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Tower of London poppies - some will stay throughout November 2014

Posted on centenarynews.com on 08 November 2014
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Britain's Prime Minister, David Cameron, has announced that some of the ceramic poppies at the Tower of London will be kept on view until the end of November 2014, before starting a First World War Centenary tour of the UK.

The poppies, remembering soldiers from Britain and its colonies who were killed during the war, have attracted millions of visitors since the project was unveiled at the start of the Centenary commemorations in August 2014.

Culture Secretary Sajid Javad, who leads the British Government's programme, said: "Like the four million or so people who have gone to see them, I was left in awe at the sheer scale and strength of the piece. For me this is public art at its most powerful and moving."

The length of the queues has at times prompted appeals for people to delay visiting the poppies until a quieter moment.

In recent days, the leaders of Britain's main political parties, together with the Mayor of London, Boris Johnson, have united in calling for the display to be extended.

 The poppies by night

Prime Minister David Cameron has announced that two of the installation's most striking features will now be retained for permanent exhibition.

The 'Weeping Window,' a cascade of poppies from a window overlooking the moat, and 'The Wave,' a wall of poppies rising over the entrance, will stay at the Tower of London for the rest of November.

They will then be exhibited in towns and cities around the UK until the end of the Centenary in 2018, when they will given to the nation for display at the Imperial War Museum's sites in London and Manchester.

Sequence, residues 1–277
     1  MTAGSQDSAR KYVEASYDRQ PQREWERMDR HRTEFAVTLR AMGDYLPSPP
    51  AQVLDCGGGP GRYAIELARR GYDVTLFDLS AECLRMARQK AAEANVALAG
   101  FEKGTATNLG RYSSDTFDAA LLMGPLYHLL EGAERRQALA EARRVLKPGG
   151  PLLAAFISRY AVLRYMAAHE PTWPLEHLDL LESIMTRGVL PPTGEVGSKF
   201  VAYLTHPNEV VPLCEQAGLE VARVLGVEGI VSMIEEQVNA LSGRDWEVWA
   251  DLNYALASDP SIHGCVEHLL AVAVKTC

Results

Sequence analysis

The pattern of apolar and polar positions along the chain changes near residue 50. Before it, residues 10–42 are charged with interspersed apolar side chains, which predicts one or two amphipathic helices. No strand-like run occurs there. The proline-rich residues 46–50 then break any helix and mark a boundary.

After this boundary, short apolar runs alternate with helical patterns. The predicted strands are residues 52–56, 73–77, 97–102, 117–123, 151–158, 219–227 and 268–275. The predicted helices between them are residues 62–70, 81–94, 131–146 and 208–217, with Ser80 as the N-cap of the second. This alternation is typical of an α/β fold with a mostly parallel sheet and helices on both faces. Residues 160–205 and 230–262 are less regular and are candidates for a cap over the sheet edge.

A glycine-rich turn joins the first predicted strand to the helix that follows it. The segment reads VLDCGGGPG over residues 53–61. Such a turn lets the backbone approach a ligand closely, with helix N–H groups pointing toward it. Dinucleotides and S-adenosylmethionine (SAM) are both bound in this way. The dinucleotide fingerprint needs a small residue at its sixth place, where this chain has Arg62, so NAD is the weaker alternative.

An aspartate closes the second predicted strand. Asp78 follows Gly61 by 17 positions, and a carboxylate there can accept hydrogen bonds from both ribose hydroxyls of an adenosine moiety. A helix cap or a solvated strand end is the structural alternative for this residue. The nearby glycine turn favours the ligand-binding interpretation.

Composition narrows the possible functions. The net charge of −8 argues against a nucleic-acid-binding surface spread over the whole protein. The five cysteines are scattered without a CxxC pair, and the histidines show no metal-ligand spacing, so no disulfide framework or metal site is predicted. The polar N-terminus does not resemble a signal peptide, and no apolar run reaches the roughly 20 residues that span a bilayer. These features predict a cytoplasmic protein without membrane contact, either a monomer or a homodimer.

Mr Cameron, who visited the poppies on November 8th 2014, the eve of Remembrance Sunday, said: "The poppy display at the Tower of London has in a very short space of time become a much loved and respected monument.

"We want to ensure that as many people as possible have the opportunity to witness it, and the government is providing money and working with charities to do so.

"By displaying parts of the installation around the country and then permanently in the Imperial War Museum, we have ensured that this poignant memorial will be saved for the nation."

The Government is providing more than £500,000 to help cover the cost of the touring exhibition, using money from misconduct fines imposed on the banks.  

The last of the 888,246 poppies, each representing a British or colonial fatality of the First World War, will be planted on Armistice Day, November 11th.

Volunteers will then starting removing them for dispatch to people have bought them in aid of six service charities.

The installation, entitled 'Blood Swept Lands and Seas of Red,' was designed by artist Paul Cummins, with setting by stage designer Tom Piper. 

Source: UK Government

Images: Peter Alhadeff, Centenary News

Posted by: Peter Alhadeff, Centenary News

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